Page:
The first purpose of our study was to develop previously used survey methods and to test their utility and acceptability in diverse geographical areas. We achieved a 38% take-up rate from our random sample of practices, this being higher for larger practices. The practices that declined had a similar demographic profile to those that accepted, but we cannot comment on whether the patterns of care they offered would also have been similar. We achieved a cross section of small, large, deprived, and non-deprived practices across the four participating areas, and these practices also differed in the ethnic mix of both patients and doctors.

By devising a single instrument that combined data both before and after consultation, we achieved an 80% completion rate overall. Because samples of 50 completed consultations per doctor were found to give generally stable enablement scores, we included in our main analyses all 171 of our 221 doctors who collected at least 50 completed consultations for English speaking patients. Doctors who fell below that target were mainly those with limited commitments or with larger than average numbers of patients speaking other languages.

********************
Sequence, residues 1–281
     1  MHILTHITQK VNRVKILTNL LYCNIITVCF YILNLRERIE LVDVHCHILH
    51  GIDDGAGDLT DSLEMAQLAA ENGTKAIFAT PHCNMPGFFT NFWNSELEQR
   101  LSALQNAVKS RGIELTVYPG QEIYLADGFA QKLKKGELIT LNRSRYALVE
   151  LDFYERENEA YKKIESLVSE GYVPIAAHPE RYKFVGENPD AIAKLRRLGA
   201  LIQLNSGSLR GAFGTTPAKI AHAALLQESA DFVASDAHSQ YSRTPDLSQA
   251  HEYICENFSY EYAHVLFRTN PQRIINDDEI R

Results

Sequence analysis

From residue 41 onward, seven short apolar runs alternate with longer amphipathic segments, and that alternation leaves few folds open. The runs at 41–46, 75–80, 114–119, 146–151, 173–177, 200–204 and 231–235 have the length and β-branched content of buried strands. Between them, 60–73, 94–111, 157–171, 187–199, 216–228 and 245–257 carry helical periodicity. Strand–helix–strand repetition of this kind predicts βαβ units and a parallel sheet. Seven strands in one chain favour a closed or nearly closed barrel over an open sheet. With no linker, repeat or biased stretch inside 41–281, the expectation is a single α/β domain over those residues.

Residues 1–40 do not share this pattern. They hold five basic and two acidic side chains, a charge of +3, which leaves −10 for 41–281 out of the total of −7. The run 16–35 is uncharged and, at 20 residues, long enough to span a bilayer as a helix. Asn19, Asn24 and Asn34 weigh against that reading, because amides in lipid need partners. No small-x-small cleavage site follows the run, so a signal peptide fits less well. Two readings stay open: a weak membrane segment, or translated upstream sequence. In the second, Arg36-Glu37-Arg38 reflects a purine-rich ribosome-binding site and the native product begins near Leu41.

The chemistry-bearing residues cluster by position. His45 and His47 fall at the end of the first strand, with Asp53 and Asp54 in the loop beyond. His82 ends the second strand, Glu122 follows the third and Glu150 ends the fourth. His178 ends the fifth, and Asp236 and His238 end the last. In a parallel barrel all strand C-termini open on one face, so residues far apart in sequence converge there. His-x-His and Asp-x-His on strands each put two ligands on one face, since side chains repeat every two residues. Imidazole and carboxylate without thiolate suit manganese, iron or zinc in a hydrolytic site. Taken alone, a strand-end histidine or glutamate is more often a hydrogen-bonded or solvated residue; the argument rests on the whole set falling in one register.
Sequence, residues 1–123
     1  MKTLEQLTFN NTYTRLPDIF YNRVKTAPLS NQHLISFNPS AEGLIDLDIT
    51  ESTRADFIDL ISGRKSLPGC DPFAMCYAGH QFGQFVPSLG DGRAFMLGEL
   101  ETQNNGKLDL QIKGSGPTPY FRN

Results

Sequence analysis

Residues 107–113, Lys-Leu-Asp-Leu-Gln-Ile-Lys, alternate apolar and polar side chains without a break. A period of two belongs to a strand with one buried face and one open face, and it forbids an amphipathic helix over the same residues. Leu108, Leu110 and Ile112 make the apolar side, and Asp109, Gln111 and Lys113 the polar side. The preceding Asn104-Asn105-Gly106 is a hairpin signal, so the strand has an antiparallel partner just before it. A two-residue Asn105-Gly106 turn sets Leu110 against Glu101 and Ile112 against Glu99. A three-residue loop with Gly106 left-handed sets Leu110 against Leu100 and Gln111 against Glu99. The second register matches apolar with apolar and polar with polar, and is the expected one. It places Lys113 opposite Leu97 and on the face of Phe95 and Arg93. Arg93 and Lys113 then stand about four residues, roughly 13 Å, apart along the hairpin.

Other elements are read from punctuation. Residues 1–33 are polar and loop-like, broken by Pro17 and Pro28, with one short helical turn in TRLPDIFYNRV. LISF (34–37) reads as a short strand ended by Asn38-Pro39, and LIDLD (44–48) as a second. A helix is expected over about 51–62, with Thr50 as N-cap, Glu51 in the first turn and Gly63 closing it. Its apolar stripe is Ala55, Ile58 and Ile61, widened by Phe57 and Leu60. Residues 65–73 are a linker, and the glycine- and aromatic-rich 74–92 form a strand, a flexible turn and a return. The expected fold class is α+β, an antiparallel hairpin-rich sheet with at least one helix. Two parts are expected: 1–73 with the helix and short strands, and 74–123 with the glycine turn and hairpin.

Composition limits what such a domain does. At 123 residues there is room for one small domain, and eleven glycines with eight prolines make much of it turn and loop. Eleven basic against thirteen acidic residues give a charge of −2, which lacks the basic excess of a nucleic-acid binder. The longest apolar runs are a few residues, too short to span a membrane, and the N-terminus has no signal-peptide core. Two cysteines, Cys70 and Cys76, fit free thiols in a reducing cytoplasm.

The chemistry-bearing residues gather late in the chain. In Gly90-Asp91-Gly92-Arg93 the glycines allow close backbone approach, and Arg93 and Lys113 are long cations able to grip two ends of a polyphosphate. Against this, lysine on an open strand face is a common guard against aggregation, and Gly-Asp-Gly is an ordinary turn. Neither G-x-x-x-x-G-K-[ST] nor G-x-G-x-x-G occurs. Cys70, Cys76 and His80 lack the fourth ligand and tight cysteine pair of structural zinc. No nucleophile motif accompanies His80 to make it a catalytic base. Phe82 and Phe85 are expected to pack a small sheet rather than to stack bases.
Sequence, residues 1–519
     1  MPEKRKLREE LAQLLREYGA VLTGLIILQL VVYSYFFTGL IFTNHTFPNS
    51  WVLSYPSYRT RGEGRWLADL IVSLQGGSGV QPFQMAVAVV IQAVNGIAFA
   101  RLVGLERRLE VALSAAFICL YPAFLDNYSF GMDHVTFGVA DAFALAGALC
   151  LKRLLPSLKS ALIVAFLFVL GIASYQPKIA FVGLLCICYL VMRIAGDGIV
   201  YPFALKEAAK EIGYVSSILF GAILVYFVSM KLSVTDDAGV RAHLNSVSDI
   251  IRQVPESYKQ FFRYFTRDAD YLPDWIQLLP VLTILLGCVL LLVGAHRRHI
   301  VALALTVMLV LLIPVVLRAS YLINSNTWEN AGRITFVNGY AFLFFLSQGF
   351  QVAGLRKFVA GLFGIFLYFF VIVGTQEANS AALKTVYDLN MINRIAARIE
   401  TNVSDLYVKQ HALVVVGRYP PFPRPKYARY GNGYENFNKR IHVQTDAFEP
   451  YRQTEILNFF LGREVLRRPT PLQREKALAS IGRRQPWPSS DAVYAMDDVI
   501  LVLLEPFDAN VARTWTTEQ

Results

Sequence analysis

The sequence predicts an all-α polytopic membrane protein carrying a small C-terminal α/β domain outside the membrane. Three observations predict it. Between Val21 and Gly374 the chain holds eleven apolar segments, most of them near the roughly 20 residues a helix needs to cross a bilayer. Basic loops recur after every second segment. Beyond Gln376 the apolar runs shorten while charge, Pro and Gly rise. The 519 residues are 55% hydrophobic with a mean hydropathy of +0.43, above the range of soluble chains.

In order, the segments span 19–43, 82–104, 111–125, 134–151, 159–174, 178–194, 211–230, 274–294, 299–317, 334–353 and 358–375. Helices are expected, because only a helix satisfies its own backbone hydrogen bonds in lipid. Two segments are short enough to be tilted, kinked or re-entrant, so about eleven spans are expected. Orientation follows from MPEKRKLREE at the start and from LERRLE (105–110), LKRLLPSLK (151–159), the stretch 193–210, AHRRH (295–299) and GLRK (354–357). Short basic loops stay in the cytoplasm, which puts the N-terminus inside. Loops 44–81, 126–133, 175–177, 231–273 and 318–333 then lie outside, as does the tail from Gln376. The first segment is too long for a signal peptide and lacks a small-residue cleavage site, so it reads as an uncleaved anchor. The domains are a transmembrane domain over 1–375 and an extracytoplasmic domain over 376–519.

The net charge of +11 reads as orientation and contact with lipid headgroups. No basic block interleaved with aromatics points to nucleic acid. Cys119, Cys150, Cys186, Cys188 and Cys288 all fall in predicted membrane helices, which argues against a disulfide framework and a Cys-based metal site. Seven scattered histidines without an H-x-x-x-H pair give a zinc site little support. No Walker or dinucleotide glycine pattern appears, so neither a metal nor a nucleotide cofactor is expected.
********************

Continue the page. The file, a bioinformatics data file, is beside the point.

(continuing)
As with any outcome measure it is hard to know whether reported enablement reflects true enablement The desire to please a familiar doctor and differences between cultural groups could create artificial differences. We found, however, that some doctors consistently enabled better than others, irrespective of all the aspects of case mix we studied. The finding of differences between English speaking and other language speaking patients was of particular interest and requires to be researched further with both quantitative and qualitative methods

Correlates with enablement